Anesthesiology Research and Practice

Anesthesiology Research and Practice / 2021 / Article

Research Article | Open Access

Volume 2021 |Article ID 3379850 | https://doi.org/10.1155/2021/3379850

Atsedu Endale Simegn, Debas Yaregal Melesse, Yosef Belay Bizuneh, Wudie Mekonnen Alemu, "Patient Satisfaction Survey on Perioperative Anesthesia Service in University of Gondar Comprehensive Specialized Hospital, Northwest Ethiopia, 2021", Anesthesiology Research and Practice, vol. 2021, Article ID 3379850, 7 pages, 2021. https://doi.org/10.1155/2021/3379850

Patient Satisfaction Survey on Perioperative Anesthesia Service in University of Gondar Comprehensive Specialized Hospital, Northwest Ethiopia, 2021

Academic Editor: Ferenc Petak
Received04 Aug 2021
Accepted02 Oct 2021
Published22 Oct 2021

Abstract

Background. Patient satisfaction is a crucial component in determining the quality of healthcare in anesthesia services. This study aimed to assess patient satisfaction and associated factors on perioperative anesthesia services. Methods. Institutional-based cross-sectional study was conducted from May 16 to June 22, 2021, at the University of Gondar Comprehensive Specialized Hospital. Data were entered into Epi-data version 3.1 and exported to STATA version 14.1. The strength of the association was presented using an adjusted odds ratio with a 95% confidence interval, and a value <0.05 was considered as statistically significant. Results. A total of 398 patients were included in this study with a response rate of 98%. The overall proportion of patients who were satisfied with perioperative anesthesia service was 74% (95% CI: 69–78). Patients who received regional anesthesia were 2.8 times satisfied than those who received general anesthesia (AOR = 2.8, 95% CI: 1.42–5.36). Patients who obtained adequate information was 3.14 times (AOR = 3.14, 95% CI: 1.71–5.74) satisfied than that of the counterpart. Adults who did not feel pain during induction of anesthesia were 2.7 times (AOR = 2.7, 95% CI: 1.43–5.08) satisfied than an adult who felt pain during induction of anesthesia. Conclusion and Recommendations. The overall patients’ satisfaction on perioperative anesthesia service was 74%. Patients who underwent operation with regional anesthesia, obtained adequate information about anesthesia, visited by anesthetists after operations, did not have nausea/vomiting, did not feel pain during induction, and patients who did not feel pain immediately after operation were satisfied than the counterparts. We recommended that the anesthetists must give attention to reduce the factors that decrease the satisfaction level of the surgical patients.

1. Background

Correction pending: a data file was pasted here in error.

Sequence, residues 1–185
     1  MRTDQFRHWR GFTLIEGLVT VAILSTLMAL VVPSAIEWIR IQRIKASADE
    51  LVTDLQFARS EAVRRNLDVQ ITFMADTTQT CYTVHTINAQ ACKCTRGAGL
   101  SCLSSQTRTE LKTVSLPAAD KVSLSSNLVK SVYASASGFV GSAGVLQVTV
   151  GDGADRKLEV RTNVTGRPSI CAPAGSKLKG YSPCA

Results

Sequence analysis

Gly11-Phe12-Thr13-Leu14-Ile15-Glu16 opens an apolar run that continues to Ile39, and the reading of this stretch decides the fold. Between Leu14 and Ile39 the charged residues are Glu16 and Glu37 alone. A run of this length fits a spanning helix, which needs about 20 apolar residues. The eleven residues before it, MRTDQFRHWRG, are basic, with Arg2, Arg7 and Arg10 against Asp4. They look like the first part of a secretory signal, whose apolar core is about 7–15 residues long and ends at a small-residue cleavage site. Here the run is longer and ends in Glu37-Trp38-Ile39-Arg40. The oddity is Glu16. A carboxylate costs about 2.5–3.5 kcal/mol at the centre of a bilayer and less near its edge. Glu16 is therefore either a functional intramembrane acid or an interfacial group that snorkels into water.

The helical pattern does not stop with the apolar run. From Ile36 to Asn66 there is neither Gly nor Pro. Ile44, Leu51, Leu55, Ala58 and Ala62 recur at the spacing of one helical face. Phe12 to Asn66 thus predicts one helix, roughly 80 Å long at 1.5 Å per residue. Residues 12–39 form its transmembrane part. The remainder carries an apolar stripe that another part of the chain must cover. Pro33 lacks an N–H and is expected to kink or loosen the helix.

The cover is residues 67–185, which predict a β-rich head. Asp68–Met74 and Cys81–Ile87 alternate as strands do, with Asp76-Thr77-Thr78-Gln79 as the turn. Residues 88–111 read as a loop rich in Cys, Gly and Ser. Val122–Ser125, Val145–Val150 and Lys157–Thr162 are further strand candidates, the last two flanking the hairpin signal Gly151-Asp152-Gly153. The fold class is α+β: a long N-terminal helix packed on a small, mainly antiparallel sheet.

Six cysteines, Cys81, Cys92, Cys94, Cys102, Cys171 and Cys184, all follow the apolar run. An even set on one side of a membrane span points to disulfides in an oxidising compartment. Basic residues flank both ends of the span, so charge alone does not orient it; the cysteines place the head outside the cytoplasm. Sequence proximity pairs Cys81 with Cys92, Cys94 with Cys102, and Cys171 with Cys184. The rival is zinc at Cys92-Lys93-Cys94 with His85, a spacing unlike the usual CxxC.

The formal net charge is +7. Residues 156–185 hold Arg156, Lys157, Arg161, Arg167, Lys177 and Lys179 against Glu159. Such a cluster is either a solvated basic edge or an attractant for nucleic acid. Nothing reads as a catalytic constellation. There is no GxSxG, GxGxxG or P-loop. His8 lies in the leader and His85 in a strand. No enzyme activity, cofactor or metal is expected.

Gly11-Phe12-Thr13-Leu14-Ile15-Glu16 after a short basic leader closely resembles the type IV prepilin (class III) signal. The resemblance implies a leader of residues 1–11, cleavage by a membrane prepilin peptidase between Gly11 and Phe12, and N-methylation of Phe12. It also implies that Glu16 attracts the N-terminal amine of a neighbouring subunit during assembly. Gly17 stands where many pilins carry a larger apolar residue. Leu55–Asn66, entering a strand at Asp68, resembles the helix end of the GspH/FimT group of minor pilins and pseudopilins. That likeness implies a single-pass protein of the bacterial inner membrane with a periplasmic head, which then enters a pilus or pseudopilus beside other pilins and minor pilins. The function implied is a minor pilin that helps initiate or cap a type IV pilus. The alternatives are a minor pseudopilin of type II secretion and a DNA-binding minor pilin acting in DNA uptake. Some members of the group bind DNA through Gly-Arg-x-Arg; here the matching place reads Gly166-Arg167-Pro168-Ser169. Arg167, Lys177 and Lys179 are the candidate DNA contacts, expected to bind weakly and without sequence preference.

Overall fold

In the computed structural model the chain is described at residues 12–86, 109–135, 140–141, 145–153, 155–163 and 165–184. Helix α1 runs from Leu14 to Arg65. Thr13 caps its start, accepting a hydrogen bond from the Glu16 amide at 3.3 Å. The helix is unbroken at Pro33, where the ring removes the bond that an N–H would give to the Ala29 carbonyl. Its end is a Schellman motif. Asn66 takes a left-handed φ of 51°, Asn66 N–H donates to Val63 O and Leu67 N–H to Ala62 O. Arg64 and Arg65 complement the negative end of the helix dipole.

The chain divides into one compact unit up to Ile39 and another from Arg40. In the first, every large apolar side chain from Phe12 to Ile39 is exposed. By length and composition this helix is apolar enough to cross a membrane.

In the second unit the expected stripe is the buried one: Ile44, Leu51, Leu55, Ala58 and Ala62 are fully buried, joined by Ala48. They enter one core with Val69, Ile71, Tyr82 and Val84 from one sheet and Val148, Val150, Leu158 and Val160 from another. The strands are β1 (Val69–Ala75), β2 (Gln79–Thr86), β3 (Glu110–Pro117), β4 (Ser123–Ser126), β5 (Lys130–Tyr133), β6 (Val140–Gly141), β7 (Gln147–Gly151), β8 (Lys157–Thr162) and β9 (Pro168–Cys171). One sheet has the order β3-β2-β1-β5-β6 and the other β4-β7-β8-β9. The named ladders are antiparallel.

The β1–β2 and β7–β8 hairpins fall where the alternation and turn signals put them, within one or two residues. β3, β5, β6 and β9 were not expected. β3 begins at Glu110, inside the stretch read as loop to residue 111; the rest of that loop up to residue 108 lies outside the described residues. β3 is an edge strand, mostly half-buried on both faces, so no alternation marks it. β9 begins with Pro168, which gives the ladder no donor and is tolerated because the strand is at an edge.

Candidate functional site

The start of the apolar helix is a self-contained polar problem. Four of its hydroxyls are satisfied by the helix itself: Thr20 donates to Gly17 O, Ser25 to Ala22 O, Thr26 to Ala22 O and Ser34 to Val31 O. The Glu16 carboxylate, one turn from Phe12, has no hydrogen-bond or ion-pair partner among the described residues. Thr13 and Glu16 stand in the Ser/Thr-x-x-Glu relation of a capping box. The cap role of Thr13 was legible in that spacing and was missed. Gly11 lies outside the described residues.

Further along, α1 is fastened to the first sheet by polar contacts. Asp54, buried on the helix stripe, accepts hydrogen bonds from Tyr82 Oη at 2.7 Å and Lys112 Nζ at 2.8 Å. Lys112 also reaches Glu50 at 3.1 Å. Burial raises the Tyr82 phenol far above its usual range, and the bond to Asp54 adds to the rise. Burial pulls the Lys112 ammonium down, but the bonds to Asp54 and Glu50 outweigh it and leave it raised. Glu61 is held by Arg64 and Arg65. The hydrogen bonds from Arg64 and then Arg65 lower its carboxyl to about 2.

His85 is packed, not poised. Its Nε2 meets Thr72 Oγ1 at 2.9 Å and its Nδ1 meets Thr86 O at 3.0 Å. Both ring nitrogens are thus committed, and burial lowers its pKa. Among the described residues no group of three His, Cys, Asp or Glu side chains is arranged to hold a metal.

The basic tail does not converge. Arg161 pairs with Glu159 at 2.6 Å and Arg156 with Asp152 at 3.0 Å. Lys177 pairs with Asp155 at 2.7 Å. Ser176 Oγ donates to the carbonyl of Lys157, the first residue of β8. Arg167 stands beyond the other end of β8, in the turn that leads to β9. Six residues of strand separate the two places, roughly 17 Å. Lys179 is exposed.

Patient satisfaction refers to how satisfied patients are with the services delivered in terms of meeting their requirements and expectations. It is described as a subjective assessment of the service obtained considering the individual’s expectations and a crucial component in determining the quality of healthcare. Patient satisfaction may have a significant impact on a variety of areas of their behavior, including overall healthcare resource consumption, adherence to treatments, and the consistency of their connection with practitioners [13]. Several forms of anesthesia, including regional anesthesia, general anesthesia, and a possible combination of regional and general anesthesia, are widely used throughout modern surgery. Therefore, comprehensive evaluation of patient satisfaction after anesthesia services is an important parameter for quality control and continuous improvement in-hospital care [4, 5]. Patient satisfaction provides patient-centered care in a culture that accepts people for whom they are and where they are in their life cycle by satisfying their needs at that time, in line with the health system’s objective of caring for patients’ bodies, minds, and spirits and also to have a good impact on personnel, the community, and the organization’s health [6]. The majority of studies showed that the magnitude of patient satisfaction on anesthesia service was high. Some studies showed that the overall number of patients who were happy with anesthesia services was low. Therefore, it is the responsibility of every member of staff to provide the best possible care, and many healthcare organizations should consider measuring patient satisfaction to be an important part of quality assessment [79]. Patient dissatisfaction can harm healthcare providers and healthcare facilities [10]. For every unhappy patient who express his or her dissatisfaction to your team, many more patients will keep silent and most likely never return to your practice, and others will share their negative experiences with their friends and family [11, 12]. Different studies showed that the following factors were associated with patient satisfaction in anesthesia services; age, educational level, and marital status, as well as expectations; the information provided emotional support, anesthesia duration, physical discomfort, perioperative complications, postoperative pain, anesthetic care during the perioperative period, postoperative visits, and contact with the patient can all have an impact on patient satisfaction [11, 1317]. Patients with ASA I-II were significantly less satisfied than ASA III patients. Postoperative visiting of surgical patients with anesthetists and delivering adequate information improve patient satisfaction [1821]. In Ethiopia, there were studies conducted on patient satisfaction on anesthesia services and showed that the satisfaction level was low [16, 2225]. Therefore, this research also intended to assess patient satisfaction and associated factors on perioperative anesthesia service in the set up in 2021, according to the recommendations of the previous studies.